There are only eight more days until the most wonderful time of the year is officially over, and the decorations pour back into their boxes, the stockings are folded, and Christmas is forgotten about. For many kids, what they love most about the season is Father Christmas: an icon with his white beard, shiny black boots, red floppy hat, and big red belted coat with a fluffy white trim. But how did Santa come to steal the Christmas limelight?
Everyone is well acquainted with the story of St. Nicholas. The kind hearted, 4th century bishop from Turkey who gave to the poor by dropping money down their chimneys. Looking at St Nick’s long red bishop’s robes, it is easy to assume this is where Santa’s penchant for red comes from. But in fact, St Nicholas himself is only one inspiration for Santa, who is actually an amalgamation of many merry men from over the centuries: a pagan man in green representing the coming of spring, Father Time, King Frost, Old Father Christmas, and many more eventually came together as the Santa Claus we know and love today. So how did this one unified image come about?
If we look back at old pictures of Santa, he used to dabble in a variety of styles: an eclectic, fashionable old man. He can be seen wearing anything from pale blue to purple to green, with different colour fur trims, or sometimes – cheeky santa – in a snug, fur jumpsuit. Clement Moore’s classic Twas’ the Night Before Christmas poem testifies to that; ‘He was dressed in all fur from his head to his foot, and his clothes were all tarnished with ashes and soot.’ This all-fur outfit was probably the most common Santa depiction of the 19th century, but the styles themselves varied wildly: from a long cloak with smart shoes to his current big black boots. And Santa didn’t stop the experimentation when it came to accessories. He might wear a nightcap, a top hat, or crown himself with holly. Some images even depict a drunkard Santa with a crown made of wine glasses and bottles! It is only with old age that Santa has become stuck in the fashion rut.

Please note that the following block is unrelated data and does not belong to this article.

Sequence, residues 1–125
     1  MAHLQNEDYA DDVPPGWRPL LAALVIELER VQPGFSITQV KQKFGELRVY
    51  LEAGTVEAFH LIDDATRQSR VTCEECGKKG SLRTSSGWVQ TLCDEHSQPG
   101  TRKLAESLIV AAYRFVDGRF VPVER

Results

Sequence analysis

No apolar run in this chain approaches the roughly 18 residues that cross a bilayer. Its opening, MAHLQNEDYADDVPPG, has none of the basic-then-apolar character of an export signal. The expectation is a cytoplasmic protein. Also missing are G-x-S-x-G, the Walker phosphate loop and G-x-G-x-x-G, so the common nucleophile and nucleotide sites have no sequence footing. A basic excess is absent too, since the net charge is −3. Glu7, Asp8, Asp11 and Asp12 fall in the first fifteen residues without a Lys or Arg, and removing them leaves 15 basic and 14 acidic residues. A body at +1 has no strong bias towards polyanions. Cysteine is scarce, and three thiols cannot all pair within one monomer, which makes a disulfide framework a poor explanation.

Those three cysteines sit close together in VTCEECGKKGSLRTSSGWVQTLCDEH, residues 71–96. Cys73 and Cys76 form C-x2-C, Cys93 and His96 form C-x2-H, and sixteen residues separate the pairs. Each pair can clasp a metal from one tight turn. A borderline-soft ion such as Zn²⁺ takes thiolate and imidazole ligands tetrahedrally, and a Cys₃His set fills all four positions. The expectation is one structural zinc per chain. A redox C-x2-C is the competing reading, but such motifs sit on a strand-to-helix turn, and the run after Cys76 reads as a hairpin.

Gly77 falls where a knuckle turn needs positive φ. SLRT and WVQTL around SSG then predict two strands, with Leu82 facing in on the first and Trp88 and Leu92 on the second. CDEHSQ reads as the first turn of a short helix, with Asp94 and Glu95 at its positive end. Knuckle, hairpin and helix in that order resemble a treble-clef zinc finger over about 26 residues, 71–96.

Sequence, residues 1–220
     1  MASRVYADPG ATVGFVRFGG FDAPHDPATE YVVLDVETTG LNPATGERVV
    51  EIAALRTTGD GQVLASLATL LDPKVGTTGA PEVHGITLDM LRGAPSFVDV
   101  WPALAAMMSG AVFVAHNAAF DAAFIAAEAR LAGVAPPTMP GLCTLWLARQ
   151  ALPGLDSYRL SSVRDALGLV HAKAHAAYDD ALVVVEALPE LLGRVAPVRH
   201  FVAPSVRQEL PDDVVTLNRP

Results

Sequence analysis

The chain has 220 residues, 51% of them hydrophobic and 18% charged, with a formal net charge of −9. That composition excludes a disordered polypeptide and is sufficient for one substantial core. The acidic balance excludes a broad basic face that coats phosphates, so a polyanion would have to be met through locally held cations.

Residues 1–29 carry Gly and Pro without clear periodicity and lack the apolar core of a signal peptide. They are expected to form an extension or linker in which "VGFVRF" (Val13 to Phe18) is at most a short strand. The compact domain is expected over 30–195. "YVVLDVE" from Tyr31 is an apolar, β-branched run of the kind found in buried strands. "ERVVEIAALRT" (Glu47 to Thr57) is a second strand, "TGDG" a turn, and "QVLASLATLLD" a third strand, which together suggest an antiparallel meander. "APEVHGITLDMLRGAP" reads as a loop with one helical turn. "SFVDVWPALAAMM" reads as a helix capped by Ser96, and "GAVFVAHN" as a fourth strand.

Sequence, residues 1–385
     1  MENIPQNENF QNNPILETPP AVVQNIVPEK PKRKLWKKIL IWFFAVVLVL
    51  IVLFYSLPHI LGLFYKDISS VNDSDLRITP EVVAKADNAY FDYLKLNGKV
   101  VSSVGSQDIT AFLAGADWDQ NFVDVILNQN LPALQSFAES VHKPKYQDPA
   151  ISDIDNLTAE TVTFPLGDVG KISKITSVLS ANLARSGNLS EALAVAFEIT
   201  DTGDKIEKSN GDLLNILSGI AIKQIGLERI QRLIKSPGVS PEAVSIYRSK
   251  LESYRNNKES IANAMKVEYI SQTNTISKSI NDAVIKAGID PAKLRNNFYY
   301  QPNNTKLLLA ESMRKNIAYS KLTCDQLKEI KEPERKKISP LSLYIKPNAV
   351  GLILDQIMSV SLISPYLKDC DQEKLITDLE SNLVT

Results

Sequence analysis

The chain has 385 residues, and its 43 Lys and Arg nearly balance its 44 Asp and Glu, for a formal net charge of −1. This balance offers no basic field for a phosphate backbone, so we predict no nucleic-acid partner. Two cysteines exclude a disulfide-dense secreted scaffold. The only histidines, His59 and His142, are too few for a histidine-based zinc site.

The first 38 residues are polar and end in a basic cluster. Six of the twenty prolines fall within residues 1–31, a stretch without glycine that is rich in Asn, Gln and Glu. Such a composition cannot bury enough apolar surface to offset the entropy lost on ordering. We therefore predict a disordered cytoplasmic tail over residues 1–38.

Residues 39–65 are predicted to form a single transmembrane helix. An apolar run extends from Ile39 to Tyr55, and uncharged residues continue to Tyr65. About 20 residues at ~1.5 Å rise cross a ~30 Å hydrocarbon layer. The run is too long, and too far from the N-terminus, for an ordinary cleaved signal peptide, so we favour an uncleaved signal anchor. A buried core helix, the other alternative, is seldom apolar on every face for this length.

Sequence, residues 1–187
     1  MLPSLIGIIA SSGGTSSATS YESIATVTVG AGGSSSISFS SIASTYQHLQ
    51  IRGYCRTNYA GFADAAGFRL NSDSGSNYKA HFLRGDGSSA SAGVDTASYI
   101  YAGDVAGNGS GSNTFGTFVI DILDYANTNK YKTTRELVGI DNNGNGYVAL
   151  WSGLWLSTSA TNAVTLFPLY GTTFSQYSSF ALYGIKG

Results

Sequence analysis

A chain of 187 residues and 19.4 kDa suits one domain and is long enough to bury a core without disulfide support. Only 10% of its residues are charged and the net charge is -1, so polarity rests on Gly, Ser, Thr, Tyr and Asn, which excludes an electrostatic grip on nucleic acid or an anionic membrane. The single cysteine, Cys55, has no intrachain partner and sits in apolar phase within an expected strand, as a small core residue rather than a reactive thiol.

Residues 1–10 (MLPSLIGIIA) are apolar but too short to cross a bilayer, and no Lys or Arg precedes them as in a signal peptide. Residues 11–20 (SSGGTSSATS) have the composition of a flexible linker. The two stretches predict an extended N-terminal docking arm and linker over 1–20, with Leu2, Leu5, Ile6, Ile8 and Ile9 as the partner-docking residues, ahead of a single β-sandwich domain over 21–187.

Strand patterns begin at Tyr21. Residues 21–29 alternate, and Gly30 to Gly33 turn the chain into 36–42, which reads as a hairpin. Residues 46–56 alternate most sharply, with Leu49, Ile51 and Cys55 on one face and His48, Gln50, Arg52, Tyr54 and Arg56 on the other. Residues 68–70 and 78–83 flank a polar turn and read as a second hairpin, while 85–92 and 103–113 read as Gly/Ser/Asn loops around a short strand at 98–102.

Any child might tell you, Santa is from the North Pole. In fact, the Santa we know is well and truly American: born in the wake of the roaring 20s, a product of the birth of advertising and acceleration of consumerism. Fast-forward to 1931, and Coca Cola needed a new icon for their winter advertising campaign, something to cheer the masses during the depression whilst being easily identifiable with the iconic red label and white script of a bottle of Coke. Enter Haddon Sundblom, an American artist, hired to redesign Father Christmas in colours synonymous with the brand. With that, ‘Santa’ was born. As the debauchery of the 20s, with its speakeasies and flappers, departed with the new decade, the old drunkard Father Christmas with his wine crown and pipe was sanitised into a child-friendly, jolly old man with a bottle of coke… just occasionally reminded of his roots by children leaving a glass of sherry by the fire.